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Contact Runblogger – E-Mail and Social Networks

Read below for email and contact policies and information.


Reader Emails

I’m going to be up-front honest here – my inbox is kind of a disaster, and it’s a big source of stress. I love hearing from readers, and generally read every email that arrives in my inbox, but responding has become more and more difficult as email volume has increased. When trying to balance spending time with my family (I have a wife and three little kids), writing blog posts, running (so I can test products I review), working in the clinic, and answering email, the latter tends to get short shrift. Though I try my best to respond to emails,  sometimes weeks may go by before I get a chance to tackle my inbox. Sometimes messages slip off the first page of my inbox get lost forever in the Gmail abyss (sadly, more often than I like to admit).

Given my email overload, I’ve tried to be diligent about attending to other communication avenues. If you have a question or want to get in touch, best bets for a timely response would be to:

A. Leave a comment on the blog. I usually respond to all blog comments within a few days. And often other readers will chime in as well.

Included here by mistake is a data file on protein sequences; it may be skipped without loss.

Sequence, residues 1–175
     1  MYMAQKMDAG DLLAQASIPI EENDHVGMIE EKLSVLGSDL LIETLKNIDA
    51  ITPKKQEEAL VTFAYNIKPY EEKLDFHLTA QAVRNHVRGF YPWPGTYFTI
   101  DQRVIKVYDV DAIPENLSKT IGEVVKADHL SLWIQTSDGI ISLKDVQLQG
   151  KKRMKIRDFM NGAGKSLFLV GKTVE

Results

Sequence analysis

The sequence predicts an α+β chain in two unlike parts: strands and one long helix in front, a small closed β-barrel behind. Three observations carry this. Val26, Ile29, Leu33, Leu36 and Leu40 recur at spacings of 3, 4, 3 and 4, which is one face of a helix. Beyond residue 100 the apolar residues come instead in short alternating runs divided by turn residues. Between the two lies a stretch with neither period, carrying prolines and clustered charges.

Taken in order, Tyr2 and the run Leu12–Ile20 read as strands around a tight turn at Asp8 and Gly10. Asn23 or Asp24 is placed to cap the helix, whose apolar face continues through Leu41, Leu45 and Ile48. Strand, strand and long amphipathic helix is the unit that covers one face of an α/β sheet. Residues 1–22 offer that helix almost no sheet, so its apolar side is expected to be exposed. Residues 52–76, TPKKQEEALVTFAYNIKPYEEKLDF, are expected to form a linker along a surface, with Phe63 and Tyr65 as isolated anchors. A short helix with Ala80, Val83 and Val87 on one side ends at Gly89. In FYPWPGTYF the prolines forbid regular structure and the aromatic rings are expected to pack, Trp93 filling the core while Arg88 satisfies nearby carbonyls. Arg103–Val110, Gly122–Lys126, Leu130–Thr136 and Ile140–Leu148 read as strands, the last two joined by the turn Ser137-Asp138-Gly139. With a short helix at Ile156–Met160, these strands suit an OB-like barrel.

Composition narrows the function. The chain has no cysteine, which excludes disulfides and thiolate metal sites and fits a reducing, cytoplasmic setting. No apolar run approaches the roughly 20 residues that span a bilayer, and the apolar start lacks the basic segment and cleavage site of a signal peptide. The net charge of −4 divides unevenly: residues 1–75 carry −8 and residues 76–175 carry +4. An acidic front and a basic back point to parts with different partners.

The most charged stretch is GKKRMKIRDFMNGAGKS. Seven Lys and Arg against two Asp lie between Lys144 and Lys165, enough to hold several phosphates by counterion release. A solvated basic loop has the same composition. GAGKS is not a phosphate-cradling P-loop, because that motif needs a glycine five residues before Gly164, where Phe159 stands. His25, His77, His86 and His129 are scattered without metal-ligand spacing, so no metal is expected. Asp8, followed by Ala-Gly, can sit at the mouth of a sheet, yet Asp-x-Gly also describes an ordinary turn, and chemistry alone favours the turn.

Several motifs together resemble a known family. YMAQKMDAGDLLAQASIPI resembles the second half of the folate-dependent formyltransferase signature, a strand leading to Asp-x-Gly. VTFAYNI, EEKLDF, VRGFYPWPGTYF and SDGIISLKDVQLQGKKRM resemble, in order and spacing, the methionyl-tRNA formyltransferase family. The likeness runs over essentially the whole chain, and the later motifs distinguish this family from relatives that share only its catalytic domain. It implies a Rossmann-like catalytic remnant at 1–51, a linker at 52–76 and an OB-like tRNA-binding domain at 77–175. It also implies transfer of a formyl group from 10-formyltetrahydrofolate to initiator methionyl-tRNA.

B. Post in the Forum. If you have a running-related question, post it on the Runblogger Forum – you will be more likely to get a quick response from me or a fellow shoe junkie who participates. The Runblogger Forum is also a great spot to post questions on form, transitioning, injuries, etc. If you are looking for shoe advice, we can best help if provided some information about what you like in a running shoe. In particular, forefoot width (wide/narrow), sole cushion (firm/soft), heel-forefoot differential (zero drop, <4mm, 4-8mm), primary use (trail/road/racing/distance), etc.

C. Connect with me on Twitter. I’m pretty good about responding to short questions quickly on Twitter, and my Twitter client is almost always running in the background so I often will respond very quickly. You can find me at @runblogger.